128 name of the mode.
129
130 VECTOR_MODE (CLASS, MODE, COUNT);
131 Declare a vector mode whose component mode is MODE (of class
132 CLASS) with COUNT components. CLASS must be INT or FLOAT.
133 The name of the vector mode takes the form VnX where n is
134 COUNT in decimal and X is MODE.
135
136 VECTOR_MODES (CLASS, WIDTH);
137 For all modes presently declared in class CLASS, construct
138 corresponding vector modes having width WIDTH. Modes whose
139 byte sizes do not evenly divide WIDTH are ignored, as are
140 modes that would produce vector modes with only one component,
141 and modes smaller than one byte (if CLASS is INT) or smaller
142 than two bytes (if CLASS is FLOAT). CLASS must be INT or
143 FLOAT. The names follow the same rule as VECTOR_MODE uses.
144
145 COMPLEX_MODES (CLASS);
146 For all modes presently declared in class CLASS, construct
147 corresponding complex modes. Modes smaller than one byte
148 are ignored. For FLOAT modes, the names are derived by
149 replacing the 'F' in the mode name with a 'C'. (It is an
150 error if there is no 'F'. For INT modes, the names are
151 derived by prefixing a C to the name.
152
153 ADJUST_BYTESIZE (MODE, EXPR);
154 ADJUST_ALIGNMENT (MODE, EXPR);
155 ADJUST_FLOAT_FORMAT (MODE, EXPR);
156 ADJUST_IBIT (MODE, EXPR);
157 ADJUST_FBIT (MODE, EXPR);
158 Arrange for the byte size, alignment, floating point format, ibit,
159 or fbit of MODE to be adjustable at run time. EXPR will be executed
160 once after processing all command line options, and should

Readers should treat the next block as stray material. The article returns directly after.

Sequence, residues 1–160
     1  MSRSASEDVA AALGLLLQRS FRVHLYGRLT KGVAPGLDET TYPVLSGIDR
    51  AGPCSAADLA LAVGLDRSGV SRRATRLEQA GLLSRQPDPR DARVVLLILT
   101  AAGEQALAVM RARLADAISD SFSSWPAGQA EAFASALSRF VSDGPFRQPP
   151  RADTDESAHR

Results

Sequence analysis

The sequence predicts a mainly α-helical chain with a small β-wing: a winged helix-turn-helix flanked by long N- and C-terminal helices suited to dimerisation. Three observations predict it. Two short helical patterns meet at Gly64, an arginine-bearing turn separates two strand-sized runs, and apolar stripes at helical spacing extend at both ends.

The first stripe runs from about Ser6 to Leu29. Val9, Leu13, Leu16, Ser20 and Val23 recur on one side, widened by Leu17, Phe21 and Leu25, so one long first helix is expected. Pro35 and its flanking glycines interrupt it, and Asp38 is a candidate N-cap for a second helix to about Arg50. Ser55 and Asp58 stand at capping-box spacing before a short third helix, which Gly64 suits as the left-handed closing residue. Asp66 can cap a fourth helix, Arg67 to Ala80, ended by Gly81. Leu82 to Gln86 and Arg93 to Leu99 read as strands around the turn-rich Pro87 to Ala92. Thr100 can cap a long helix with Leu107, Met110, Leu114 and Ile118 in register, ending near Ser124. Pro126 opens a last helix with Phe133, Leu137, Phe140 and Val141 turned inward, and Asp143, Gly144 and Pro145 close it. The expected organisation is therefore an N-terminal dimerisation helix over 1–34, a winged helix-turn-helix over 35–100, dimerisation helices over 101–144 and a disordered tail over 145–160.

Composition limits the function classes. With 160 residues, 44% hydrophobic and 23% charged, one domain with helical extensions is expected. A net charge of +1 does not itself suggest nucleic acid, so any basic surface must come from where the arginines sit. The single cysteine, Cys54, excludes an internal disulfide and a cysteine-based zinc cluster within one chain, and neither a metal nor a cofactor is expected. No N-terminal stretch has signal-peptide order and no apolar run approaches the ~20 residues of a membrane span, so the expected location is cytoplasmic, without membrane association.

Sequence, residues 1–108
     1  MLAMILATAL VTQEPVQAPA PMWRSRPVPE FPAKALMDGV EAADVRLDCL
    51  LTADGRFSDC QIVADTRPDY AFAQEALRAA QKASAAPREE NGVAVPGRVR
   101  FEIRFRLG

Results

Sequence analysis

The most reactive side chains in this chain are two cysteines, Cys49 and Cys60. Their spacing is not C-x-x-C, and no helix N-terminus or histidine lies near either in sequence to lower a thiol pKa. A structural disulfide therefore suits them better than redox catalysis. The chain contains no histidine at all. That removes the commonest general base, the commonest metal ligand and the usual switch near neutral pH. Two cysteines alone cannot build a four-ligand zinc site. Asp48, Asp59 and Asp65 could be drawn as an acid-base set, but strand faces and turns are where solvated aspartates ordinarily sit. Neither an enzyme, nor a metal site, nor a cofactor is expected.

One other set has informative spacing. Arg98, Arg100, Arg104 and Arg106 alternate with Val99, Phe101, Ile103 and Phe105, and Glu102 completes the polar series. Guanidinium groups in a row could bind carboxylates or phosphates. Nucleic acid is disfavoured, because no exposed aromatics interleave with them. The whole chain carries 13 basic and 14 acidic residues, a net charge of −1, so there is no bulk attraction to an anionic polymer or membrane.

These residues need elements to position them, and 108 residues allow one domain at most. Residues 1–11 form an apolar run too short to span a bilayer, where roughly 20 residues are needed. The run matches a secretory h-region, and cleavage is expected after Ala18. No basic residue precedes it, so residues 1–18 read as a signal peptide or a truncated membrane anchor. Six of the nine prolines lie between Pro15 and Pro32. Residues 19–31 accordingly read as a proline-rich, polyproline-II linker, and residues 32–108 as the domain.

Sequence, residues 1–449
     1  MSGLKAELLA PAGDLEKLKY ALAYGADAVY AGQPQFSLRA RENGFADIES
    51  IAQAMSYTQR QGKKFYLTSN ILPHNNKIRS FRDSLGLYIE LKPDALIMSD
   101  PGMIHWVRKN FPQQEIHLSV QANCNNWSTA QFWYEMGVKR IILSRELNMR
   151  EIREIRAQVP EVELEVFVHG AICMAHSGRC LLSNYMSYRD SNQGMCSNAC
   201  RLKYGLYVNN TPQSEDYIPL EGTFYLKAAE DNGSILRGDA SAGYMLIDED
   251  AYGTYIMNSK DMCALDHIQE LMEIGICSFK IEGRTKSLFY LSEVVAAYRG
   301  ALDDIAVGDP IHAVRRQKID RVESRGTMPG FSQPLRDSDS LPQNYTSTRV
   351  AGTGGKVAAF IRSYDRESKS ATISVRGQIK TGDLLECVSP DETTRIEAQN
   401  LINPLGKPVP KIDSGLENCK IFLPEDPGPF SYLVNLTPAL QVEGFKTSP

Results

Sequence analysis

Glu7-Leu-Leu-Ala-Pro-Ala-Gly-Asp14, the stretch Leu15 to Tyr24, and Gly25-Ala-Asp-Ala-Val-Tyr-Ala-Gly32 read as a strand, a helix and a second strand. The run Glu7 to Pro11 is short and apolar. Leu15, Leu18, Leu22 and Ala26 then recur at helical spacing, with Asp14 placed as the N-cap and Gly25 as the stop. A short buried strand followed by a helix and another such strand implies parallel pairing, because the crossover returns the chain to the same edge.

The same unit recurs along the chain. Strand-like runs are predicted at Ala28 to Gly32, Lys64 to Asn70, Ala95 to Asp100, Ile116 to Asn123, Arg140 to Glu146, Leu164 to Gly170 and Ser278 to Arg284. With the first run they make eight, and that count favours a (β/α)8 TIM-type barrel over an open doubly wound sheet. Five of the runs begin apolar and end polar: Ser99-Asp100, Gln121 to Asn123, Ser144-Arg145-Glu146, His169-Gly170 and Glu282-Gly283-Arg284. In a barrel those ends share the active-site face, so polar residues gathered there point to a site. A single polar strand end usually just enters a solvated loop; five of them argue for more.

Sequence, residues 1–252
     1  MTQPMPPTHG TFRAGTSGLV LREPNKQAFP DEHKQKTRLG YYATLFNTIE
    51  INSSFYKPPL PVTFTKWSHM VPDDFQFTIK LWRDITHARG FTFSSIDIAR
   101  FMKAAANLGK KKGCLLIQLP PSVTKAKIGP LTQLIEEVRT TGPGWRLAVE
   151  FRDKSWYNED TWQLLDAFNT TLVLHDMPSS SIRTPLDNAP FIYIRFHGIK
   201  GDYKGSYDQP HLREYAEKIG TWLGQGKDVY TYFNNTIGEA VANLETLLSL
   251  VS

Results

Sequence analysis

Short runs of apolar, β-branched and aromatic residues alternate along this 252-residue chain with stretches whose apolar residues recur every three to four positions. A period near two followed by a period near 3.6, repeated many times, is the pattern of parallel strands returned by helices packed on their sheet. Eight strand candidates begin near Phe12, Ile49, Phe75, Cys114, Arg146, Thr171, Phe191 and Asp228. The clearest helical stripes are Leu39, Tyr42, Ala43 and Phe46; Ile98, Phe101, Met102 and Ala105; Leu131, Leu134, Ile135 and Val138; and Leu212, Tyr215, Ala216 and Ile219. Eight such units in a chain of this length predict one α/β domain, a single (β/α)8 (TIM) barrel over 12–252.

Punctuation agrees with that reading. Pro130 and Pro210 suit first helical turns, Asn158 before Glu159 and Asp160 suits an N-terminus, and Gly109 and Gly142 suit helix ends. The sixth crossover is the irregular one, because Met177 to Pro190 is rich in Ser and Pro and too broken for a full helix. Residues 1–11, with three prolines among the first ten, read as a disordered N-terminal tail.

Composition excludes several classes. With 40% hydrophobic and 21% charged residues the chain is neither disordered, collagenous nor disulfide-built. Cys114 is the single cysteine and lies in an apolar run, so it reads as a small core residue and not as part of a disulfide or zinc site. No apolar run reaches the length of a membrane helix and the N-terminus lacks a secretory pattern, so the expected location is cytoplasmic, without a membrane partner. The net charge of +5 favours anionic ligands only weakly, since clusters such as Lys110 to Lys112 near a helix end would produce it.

161 evaluate to the desired byte size, alignment, format, ibit or fbit.
162
163 Unlike a FORMAT argument, if you are adjusting a float format
164 you must put an & in front of the name of each format structure.
165
166 Note: If a mode is ever made which is more than 255 bytes wide,
167 machmode.h and genmodes.c will have to be changed to allocate
168 more space for the mode_size and mode_alignment arrays. */
169
170/* VOIDmode is used when no mode needs to be specified,
171 as for example on CONST_INT RTL expressions. */
172RANDOM_MODE (VOID);
173
174/* BLKmode is used for structures, arrays, etc.
175 that fit no more specific mode. */
176RANDOM_MODE (BLK);
177
178/* Single bit mode used for booleans. */
179FRACTIONAL_INT_MODE (BI, 1, 1);
180
181/* Basic integer modes. We go up to TI in generic code (128 bits).
182 TImode is needed here because the some front ends now genericly
183 support __int128. If the front ends decide to generically support
184 larger types, then corresponding modes must be added here. The